Collaborating on Guillermo del Toro’s Pinocchio

Collaborating with Guillermo del Toro

Guillermo del Toro’s creative partners on working with the Mexican writer-director on his latest project.  

15 February 20237 min read

Ever since Academy Award winner Guillermo del Toro first encountered the story of Pinocchio as a child in Guadalajara, Mexico, the visionary writer-director-producer longed to bring his own version of the fairy tale to the screen. After years of frustrating false starts, the filmmaker partnered with co-director Mark Gustafson (2009’s Fantastic Mr. Fox) and co-screenwriter Patrick McHale (2014’s Over the Garden Wall) to finally achieve his lifelong goal. 2022’s stop-motion animated Guillermo del Toro’s Pinocchio transforms the story of the little wooden boy into a film as singular and special as the puppet himself, earning his team an Oscar nomination for Best Animated Feature, among many other accolades.

By marrying principles of live-action filmmaking with time-tested animation techniques, del Toro and Gustafson have fashioned a handcrafted fairy tale that stands alongside the Mexican auteur’s most creatively compelling work. “Pinocchio provides a cinematic level of stop-motion from a live-action filmmaker,” says producer Alex Bulkley. “That plays into the costumes, it plays into the camera work, it plays into the production design — it’s all the same visual language Guillermo would use on any of his live-action films.”

In addition to the Academy Award nomination, Pinocchio won the Golden Globe for Best Animated Feature and claimed the same prize at the Critics Choice Awards. The film earned BAFTA nominations for Best Animated Feature, Best Score for composer Alexandre Desplat, who previously scored del Toro’s Best Picture winner The Shape of Water, and Best Production Design for Curt Enderle and Guy Davis. Pinocchio is also nominated for Outstanding Producer of Animated Theatrical Motion Pictures at the Producers Guild of America Awards. 

Here, del Toro’s creative partners discuss collaborating with the legendary filmmaker on their stop-motion masterpiece.

Sebastian J. Cricket, Wood Sprite, and Pinocchio

The Master Filmmaker

“It’s been amazing working with Guillermo because obviously, he’s an artist who’s at the top of his game right now. So, it makes you have to raise your game as well. I like to think that every day working with him is like a masterclass in filmmaking.” 

— Co-director Mark Gustafson

 “To work with a great director like Guillermo was a really fantastic opportunity. I knew from his films, and the way he used his colors, it would be perfect for me to work with him. I think it’s enabled me to push my art and the way I do things. I’ve done a lot of things that I’ve never done on other movies, and probably never could have done because [Guillermo’s] a director who’s much more open to whatever ideas you have. He’s always got time for a new way of doing something and presenting a new way for people to see things.”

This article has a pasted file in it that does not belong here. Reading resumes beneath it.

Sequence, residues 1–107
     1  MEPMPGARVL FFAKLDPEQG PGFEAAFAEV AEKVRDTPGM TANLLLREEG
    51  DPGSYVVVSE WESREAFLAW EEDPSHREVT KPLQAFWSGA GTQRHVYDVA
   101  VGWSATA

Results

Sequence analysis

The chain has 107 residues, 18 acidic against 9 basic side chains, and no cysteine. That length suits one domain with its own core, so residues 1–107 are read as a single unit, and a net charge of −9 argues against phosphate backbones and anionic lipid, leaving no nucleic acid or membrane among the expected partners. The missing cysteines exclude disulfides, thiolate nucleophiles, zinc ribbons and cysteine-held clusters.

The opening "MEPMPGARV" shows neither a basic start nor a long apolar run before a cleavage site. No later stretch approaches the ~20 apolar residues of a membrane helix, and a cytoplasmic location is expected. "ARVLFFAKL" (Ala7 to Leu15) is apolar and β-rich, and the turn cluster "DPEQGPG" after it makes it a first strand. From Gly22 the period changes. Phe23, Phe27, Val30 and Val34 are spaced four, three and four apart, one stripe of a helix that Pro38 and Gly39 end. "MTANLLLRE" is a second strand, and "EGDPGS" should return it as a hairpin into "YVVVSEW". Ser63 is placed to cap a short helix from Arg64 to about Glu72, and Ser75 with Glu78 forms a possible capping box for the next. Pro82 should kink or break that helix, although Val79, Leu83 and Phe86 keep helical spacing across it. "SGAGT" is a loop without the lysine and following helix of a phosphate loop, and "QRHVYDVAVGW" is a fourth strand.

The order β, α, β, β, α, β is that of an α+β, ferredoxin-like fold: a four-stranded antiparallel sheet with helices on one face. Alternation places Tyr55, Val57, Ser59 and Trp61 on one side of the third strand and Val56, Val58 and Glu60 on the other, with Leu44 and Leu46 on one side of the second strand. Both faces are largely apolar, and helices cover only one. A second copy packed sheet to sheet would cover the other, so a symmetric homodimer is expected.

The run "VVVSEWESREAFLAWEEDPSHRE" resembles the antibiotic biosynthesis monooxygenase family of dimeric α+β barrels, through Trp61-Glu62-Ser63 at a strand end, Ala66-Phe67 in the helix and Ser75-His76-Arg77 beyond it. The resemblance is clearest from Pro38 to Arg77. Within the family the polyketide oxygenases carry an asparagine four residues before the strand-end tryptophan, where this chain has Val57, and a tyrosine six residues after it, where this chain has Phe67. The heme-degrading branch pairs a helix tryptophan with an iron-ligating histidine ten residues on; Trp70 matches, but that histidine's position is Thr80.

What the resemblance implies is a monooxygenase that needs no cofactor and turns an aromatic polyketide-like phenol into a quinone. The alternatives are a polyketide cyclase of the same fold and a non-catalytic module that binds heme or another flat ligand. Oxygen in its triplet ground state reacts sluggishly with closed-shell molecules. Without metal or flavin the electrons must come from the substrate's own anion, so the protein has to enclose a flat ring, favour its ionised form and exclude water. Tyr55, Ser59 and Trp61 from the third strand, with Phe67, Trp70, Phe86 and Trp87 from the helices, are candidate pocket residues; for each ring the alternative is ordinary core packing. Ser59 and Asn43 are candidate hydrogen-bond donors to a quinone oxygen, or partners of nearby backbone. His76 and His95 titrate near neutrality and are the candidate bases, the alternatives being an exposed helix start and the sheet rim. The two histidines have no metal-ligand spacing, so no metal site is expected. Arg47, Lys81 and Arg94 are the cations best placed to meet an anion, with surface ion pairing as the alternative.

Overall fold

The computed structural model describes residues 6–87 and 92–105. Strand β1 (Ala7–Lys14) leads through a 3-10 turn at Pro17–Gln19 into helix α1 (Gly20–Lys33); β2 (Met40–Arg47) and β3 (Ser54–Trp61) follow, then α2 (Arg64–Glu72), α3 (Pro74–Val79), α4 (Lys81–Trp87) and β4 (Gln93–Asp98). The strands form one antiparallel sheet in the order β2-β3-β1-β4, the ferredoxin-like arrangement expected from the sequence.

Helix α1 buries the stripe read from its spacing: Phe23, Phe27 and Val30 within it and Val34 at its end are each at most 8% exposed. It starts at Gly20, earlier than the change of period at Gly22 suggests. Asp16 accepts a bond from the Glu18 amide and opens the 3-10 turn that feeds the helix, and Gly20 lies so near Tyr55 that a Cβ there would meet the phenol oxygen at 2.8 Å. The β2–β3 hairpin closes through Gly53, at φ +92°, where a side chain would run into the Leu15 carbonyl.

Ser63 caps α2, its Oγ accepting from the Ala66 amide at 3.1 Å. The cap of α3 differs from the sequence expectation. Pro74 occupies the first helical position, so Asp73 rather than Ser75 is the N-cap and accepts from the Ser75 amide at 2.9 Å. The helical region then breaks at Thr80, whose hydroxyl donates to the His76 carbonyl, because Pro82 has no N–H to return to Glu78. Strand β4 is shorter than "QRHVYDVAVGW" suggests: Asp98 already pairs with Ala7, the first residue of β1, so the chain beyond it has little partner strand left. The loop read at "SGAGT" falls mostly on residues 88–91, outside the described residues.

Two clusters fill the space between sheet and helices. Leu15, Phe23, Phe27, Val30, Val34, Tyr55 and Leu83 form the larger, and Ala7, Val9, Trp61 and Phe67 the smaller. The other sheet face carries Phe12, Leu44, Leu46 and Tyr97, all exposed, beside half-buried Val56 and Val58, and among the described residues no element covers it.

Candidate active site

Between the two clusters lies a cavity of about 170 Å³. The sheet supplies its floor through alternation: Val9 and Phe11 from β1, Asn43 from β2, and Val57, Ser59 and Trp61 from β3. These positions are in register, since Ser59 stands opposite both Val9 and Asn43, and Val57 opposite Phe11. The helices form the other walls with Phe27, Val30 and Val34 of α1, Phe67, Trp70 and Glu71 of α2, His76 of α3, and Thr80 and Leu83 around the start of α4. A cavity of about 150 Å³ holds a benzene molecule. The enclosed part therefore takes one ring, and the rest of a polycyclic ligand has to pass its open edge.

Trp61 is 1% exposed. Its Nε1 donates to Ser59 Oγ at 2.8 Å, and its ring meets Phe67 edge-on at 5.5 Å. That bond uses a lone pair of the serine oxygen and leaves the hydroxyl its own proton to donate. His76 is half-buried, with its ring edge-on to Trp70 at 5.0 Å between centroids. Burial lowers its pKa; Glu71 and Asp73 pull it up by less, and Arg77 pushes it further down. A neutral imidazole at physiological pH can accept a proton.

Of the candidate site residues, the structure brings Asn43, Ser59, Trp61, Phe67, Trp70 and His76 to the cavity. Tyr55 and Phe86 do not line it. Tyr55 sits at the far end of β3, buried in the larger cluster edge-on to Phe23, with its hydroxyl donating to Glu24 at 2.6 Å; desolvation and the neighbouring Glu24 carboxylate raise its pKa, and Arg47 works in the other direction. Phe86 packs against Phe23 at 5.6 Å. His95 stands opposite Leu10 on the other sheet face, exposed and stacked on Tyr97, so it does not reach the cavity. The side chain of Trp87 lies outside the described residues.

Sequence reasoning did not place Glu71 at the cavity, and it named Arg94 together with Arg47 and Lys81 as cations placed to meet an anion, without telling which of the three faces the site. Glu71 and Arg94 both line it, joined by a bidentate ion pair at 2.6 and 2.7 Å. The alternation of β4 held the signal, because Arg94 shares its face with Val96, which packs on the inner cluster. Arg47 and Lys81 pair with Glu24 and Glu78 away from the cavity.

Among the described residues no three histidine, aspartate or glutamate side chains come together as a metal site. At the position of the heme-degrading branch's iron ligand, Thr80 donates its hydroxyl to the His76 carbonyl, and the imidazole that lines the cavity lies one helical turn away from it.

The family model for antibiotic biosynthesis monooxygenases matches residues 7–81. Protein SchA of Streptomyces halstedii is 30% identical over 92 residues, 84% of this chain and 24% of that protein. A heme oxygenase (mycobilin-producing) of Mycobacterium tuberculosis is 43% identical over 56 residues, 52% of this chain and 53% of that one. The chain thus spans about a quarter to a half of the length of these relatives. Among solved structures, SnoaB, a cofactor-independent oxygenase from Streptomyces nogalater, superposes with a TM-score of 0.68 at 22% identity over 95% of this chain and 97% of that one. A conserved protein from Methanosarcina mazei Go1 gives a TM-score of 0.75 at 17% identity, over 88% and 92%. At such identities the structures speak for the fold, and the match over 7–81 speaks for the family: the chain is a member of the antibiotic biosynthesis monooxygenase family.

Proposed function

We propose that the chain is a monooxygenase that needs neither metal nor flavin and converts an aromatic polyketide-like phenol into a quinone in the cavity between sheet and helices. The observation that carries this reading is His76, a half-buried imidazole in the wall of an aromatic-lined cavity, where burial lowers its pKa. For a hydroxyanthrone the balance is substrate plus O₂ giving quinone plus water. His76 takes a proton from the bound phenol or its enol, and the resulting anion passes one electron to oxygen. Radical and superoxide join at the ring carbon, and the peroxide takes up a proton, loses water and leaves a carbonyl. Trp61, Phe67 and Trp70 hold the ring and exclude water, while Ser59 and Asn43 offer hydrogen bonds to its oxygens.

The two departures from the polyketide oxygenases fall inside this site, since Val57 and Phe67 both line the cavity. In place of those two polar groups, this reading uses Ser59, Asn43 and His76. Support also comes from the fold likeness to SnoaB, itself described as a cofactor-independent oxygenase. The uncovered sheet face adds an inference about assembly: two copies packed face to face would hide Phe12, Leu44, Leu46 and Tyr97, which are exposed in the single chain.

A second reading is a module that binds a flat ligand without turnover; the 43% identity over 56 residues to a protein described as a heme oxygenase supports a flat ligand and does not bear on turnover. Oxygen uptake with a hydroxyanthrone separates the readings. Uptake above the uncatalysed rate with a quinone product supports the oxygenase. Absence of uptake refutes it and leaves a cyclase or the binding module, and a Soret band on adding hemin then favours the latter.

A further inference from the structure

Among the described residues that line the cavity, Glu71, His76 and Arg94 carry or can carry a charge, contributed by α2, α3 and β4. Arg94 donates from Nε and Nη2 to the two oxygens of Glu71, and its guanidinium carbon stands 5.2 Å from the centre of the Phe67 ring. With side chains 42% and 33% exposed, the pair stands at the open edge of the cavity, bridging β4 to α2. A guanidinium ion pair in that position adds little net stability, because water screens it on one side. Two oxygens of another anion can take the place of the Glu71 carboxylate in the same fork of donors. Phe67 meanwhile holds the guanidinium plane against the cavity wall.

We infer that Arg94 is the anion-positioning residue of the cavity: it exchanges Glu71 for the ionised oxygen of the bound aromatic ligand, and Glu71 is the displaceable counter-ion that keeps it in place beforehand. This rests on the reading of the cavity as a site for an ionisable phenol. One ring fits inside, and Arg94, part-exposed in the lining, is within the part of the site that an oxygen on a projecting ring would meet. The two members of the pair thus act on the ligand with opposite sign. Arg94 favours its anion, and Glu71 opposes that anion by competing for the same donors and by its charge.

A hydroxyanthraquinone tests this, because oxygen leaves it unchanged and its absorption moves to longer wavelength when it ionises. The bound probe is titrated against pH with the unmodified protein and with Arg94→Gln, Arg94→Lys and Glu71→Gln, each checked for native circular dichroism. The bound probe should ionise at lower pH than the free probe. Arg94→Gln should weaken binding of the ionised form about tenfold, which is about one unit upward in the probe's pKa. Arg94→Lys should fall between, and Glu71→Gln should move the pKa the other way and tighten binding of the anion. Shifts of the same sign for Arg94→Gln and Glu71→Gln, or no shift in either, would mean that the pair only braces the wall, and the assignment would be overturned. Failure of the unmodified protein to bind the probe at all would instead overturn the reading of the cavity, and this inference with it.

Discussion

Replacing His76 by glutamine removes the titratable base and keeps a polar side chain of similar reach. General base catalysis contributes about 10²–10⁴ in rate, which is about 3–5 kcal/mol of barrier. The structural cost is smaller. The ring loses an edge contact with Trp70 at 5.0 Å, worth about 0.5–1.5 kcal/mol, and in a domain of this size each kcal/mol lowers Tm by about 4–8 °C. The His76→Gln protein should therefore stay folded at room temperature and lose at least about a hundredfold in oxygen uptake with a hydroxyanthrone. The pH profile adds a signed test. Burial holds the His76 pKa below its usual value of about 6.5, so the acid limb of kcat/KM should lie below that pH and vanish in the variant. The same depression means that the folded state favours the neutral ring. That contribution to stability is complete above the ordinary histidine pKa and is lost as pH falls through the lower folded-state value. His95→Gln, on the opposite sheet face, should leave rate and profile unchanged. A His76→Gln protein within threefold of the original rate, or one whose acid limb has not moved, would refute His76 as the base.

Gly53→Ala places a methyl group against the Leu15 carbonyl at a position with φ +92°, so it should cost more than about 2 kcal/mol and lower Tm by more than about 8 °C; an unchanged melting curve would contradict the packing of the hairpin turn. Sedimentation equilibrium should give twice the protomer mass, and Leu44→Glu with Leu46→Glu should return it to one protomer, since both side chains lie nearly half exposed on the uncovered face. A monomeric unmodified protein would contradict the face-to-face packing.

— Cinematographer Frank Passingham

The Passionate Leader

“It’s important to note just how gracious of a creative Guillermo is, as well as Mark. I can’t say enough how gracious he’s been in giving [the animators] latitude to really push the envelope. That doesn’t always happen, and I think that comes from [his having] such a strong confidence in the base knowledge of what stop-motion is. Obviously, Guillermo came from that history and knows the details down to the tiniest little things. So, because of his knowledge, that really allows him to push the animators and the talent on set to put their artistry into the process. It happens pretty much in every shot.” 

— Producer Corey Campodonico

 “Guillermo, he’s such a passionate person. It’s been a joy to work with him as a director. It was inspiring to work with somebody so trusting, so inspiring, so talented, and such a good storyteller. I feel like we all, as a crew, rose to another level working for him.”

— Puppet supervisor Georgina Hayns

Pinocchio and the Black Rabbits

A Visionary Collaborator

“I found working with Guillermo really interesting. He has a particular vision, and I think a director who doesn’t work in stop-motion brings something new to the medium. We are all huge fans of Guillermo del Toro, and we spent a lot of time looking at his films and gathering iconic things that we felt could also be referenced in this film. We were looking at the colors that he uses, textures, shapes of windows, and just general atmosphere. You can probably tell within three seconds that you’re watching a Guillermo film, and we wanted that to be true of this as well.”
— Co-production designer Curt Enderle

“Guillermo’s been fantastic in the way that he completely trusted the animators, a bit like he trusts his actors. He told us again and again that he never tells the actor what to do exactly. Because you’d expect the actor to act. So, he was thinking about the animators being the actors. He would give a general brief to the animator, but most times, he would take their ideas on and go, ‘Oh, that’s a good idea. Let’s do that.’”
— Animation supervisor Brian Leif Hansen

 “Guillermo is so collaborative and is so interested in learning from his partners and having creative back and forth with them. Guillermo’s always been, on every film, meticulous about design and appreciative and in love with the work done by his creative team.”
— Producer Gary Ungar